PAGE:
Over the past several weeks, the relink.org team has kept in close communication with all our community partners. During this time, we have heard some heartbreaking stories as well as stories of hope. I will continue to highlight organizations and dive deeper into topics as the COVID-19 crisis remains and this week I thought I would share several key issues we are hearing about in our conversations with those working on the front lines.

“We are fighting an epidemic within a pandemic and it’s doubling deaths.”

Nicole Brantner shared this insight with me earlier this week. Nicole works in community relations for Arrow Passage Recovery in Massillon, Ohio. She is a person in recovery herself and for as long as I have known her, she has always been heavily involved within the community. Nicole championed bringing the Safe Passages initiative to Ohio several years ago. This initiative works with police departments and is is “aimed at getting help to the people suffering from opioid addiction, instead of putting them in handcuffs”. -solonohio.org

Nicole still keeps in touch with local law enforcement and said that they have seen a rise in overdoses in Northeast Ohio and in drug-related suicides. The coverage of this in the media seems to be fairly limited, however the Dayton Daily News shared an article this past week looking at how this troubling trend is being addressed in their community.

We have also heard similar reports from several other community partners across the state. In an email sent out last week by Micheal Daniels, Director for The Franklin County Commissioners’ Office of Justice Policy and Programs, Daniels stated that “we are seeing upticks in domestic violence, child abuse, and drug overdoses.”

Nicole and I also discussed the increase in drinking and impact that is having on domestic violence and child abuse. According to an article by CNBC, “alcohol sales at U.S. liquor and grocery stores were up 22% for the week ending March 28”.  The compounding effects of being at home with family all day long, economic stress, fear, and an increase in substance use to cope all create a perfect storm for violence and abuse.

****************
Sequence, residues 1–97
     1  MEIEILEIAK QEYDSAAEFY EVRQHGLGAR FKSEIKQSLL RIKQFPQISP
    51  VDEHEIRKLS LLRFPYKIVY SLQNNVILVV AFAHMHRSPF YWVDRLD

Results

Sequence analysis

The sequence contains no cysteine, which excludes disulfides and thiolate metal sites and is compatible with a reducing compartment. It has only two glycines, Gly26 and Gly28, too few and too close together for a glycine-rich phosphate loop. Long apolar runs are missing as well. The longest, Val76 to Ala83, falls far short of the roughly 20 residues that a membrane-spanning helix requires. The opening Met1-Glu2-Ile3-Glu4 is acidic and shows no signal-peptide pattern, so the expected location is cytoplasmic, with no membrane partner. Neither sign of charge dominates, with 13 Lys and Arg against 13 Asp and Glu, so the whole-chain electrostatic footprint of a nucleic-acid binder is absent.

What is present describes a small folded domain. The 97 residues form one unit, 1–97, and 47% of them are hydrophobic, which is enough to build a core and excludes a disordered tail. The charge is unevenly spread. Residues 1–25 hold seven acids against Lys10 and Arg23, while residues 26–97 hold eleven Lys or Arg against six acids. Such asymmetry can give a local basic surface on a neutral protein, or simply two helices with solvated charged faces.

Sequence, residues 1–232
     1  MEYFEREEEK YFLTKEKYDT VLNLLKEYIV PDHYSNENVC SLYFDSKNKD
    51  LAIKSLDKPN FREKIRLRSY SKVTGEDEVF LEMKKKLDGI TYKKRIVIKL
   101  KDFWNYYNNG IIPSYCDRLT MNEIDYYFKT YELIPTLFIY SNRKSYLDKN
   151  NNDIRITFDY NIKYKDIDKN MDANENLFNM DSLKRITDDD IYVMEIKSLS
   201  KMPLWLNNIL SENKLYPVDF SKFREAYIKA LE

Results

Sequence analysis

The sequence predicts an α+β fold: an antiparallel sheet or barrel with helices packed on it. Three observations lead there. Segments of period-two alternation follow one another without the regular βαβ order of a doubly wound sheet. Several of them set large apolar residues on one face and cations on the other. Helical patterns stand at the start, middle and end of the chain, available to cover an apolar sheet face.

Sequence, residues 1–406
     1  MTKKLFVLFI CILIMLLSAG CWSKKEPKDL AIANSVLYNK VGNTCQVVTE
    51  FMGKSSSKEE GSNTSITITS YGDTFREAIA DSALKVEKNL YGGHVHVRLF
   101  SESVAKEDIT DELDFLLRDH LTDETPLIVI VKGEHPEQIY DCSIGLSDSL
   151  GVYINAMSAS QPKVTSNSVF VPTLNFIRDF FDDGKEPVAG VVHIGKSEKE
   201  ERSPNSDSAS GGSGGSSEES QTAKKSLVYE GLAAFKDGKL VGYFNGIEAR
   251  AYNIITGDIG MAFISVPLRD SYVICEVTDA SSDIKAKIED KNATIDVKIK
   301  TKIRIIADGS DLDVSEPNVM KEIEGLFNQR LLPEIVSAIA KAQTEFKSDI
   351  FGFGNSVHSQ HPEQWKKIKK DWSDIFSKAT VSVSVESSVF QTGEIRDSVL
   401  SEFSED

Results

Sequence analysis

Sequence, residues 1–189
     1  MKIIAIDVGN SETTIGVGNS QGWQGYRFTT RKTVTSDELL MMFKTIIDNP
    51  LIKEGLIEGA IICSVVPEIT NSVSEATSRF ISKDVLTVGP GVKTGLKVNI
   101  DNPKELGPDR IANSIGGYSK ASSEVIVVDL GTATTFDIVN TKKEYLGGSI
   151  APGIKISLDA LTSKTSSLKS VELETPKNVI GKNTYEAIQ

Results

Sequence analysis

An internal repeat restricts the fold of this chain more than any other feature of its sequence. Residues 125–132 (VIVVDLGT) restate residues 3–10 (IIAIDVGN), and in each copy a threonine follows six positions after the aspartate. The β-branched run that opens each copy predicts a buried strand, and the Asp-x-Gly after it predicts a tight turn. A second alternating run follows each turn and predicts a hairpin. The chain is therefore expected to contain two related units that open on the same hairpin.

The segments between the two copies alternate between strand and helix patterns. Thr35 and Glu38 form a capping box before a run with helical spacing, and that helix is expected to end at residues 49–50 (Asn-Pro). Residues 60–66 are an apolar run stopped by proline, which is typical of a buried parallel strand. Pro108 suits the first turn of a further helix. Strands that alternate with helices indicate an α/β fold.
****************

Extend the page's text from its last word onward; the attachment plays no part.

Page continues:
One way you can help is by supporting your local domestic violence shelters and efforts during this time. The Ohio Domestic Violence Network is a great resource for learning about efforts across the state to how you can provide support during this time. You can visit their website or Facebook page to get connected.

Lastly, I asked Nicole if there was anything else she wanted me to share and this brought up the topic of fear. Last week we talked about how people might be afraid to get help, well it seems some are equally afraid to give help. Additionally, many of those working in the recovery field are in recovery themselves and have finally found a purpose serving others. Isolation is taking that away. For some who have experienced jail or prison due to their addiction, this isolation could be quite triggering. Nicole wants to encourage the service community to not be afraid to still get out there and help people.

In Arrow Passage Recovery’s newsletter last month, they highlighted some of the outreach Nicole has been doing to serve recovery homes and families by delivering groceries and hygiene products.

We may never be able to calculate how much the COVID-19 crisis is impacting recovery, but the important thing to remember is that each of us can help reduce the impact. Whether it is by monitoring our own mental health and reaching out for help, keeping in touch with family and looking out for signs of mental illness , or volunteering our time or money to help those working on the front lines, during times of crisis, the actions of one can make a big difference.

Stay tuned for next week’s article to continue to learn about the intersection of these two crises and how you can get involved.

If you or someone you know needs help now, find resources in your area through our online search tool.

About the Author

Bethany Friedrichsen is the Statewide Coordinator for relink.org. She has a background in psychology and has been working for the past three years in the addiction recovery and reentry space to create connection for people in need to the caring resources in their community.

Contact Bethany